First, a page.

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This volume considers transnational and intercultural aspects of early modern theatre, drama and performance. Its twelve chapters, loosely cosmographically grouped into West, North and South, compose a complex image of early modern theatre connections as a socially, economically, politically and culturally realised tissue of links, networks, influences and paths of exchange. With particular attention to itinerant performers, court festival, and the significant black, Muslim and Jewish impact, they combine disciplines and methods to place Shakespeare and his contemporaries in the wider context of early performance culture in English, Spanish, French, Dutch, German, Czech and Italian speaking Europe. Their shared methodological approach examines transnational connections by linking abstract notions of wider theatre historical significance to concrete historical facts: archaeological findings, archival records, visual artefacts, and textual evidence. Crucial to the volume is this systematic yoking of theories with surviving historical evidence for the performative event – whether as material object, text, performative routine, theatregrams, rituals, festivities, genres, archival evidence or visual documentation. This approach enables it to explore the infinite variety of early modern performance culture by expanding the discourse, questioning the received canon, and rethinking the national restrictions of conventional maps to reveal a theatre that truly is without borders.

Monika Fludernik

imminent and just about to overtake Him.’  12 It is this emphasis on human fallibility which Alice Dailey also ascertains in many of the deaths at the stake narrated in Foxe's Actes and Monuments . 13 While the plays that thematise martyrdom are rare in England during the period before the Civil War, on the Continent there was an extensive dramatic literature dwelling on saints’ lives, with major authors like Corneille producing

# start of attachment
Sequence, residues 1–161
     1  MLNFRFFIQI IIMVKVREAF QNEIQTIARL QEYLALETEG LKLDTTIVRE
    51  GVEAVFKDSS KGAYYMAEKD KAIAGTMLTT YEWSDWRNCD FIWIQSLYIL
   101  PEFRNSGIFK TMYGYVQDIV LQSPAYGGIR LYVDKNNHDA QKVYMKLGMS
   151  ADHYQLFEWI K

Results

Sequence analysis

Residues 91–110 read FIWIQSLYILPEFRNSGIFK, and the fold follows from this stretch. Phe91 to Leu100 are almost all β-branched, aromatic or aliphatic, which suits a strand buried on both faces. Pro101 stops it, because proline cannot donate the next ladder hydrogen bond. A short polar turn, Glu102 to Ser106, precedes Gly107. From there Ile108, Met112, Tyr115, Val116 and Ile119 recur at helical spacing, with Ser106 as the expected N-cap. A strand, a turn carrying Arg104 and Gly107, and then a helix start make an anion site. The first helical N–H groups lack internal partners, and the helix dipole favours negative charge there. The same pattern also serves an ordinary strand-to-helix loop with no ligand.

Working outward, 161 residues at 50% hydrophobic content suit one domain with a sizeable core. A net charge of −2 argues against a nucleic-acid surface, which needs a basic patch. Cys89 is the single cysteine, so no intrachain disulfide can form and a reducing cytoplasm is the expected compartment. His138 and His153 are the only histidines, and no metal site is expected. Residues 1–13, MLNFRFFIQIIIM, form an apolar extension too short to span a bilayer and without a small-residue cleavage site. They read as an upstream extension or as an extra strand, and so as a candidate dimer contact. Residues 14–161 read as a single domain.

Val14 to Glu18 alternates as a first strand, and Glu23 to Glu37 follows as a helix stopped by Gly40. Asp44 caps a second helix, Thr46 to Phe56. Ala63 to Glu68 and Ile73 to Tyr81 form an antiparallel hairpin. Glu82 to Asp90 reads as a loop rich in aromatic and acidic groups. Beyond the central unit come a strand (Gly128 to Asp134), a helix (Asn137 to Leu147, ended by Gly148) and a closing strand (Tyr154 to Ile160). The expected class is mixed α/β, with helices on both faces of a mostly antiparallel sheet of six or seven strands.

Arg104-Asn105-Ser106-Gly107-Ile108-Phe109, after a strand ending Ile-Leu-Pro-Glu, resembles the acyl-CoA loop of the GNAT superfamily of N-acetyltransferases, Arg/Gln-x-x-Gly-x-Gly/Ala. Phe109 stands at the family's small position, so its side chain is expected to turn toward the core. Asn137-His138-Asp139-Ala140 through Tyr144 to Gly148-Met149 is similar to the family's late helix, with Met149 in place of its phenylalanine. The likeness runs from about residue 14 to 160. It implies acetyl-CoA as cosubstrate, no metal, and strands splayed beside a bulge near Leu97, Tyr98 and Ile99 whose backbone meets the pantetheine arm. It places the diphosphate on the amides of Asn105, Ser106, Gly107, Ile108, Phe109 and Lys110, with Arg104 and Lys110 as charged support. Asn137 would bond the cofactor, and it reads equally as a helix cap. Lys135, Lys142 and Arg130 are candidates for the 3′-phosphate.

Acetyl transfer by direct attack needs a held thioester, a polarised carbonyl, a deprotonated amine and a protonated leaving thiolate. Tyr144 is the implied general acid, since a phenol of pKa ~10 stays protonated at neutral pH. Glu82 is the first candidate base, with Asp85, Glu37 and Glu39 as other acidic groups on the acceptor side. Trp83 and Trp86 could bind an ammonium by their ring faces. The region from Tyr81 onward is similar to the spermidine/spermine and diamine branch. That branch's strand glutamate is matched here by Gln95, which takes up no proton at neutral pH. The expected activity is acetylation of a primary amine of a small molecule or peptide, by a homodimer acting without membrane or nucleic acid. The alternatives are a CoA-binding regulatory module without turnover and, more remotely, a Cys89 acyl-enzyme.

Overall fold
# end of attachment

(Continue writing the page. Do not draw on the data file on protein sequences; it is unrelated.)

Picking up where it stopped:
in Enacting the Bible in medieval and early modern drama
Günter Berghaus

virtuosity acting and the stultifying conventions of dramatic literature. Futurist theatre sought to incorporate elements of modern life, and not just as a theme or subject matter but as an integral element of its performative texture. Instead of reflection and representation they offered immersion and visceral experience. Futurist theatre operated with the elements of dynamism, simultaneity, interpenetration, clashing noises and colours in order to express in a non-intellectual, poly-sensual manner the experience of the modern world. Adamowicz and Storchi, Back to the

in Back to the Futurists
Politics and performance in 1820
Malcolm Chase

Richard Carlile, Republican, 15 September 1820, p. 79. 3 Chase, 1820, pp. 10, 146–9, 171, 173–86. 4 House of Commons, Parliamentary Papers, Report from the Select Committee on Politics and performance in 1820 Dramatic Literature, with the Minutes of Evidence (London: House of Commons, 1831–32) (hereafter SC Dramatic Literature), p. 219. 5 SC Dramatic Literature, p. 225. 6 K. Barker, The Theatre Royal Bristol, 1766–1966 (Salisbury: Compton, 1974), p. 98; C. Hibbert, George IV: Regent and King (London: Allen Lane, 1973), p. 156. 7 S. Rosenfeld, The York Theatre

in Politics, performance and popular culture
Abstract only
The politics of performance and the performance of politics
Peter Yeandle and Katherine Newey

compounded when investigating the theatre of the nineteenth century. Until the 1980s, the history of this busy and productive industry has been framed in almost entirely literary terms, or historicised through anecdote on the one hand and fact-gathering antiquarianism with little analysis or theorisation on the other. When considered as a branch of literature, the orthodox narrative of the theatre in the nineteenth century is that of the ‘decline of the drama’.25 The literary critical focus has been almost entirely on theatre as it survives through its dramatic literature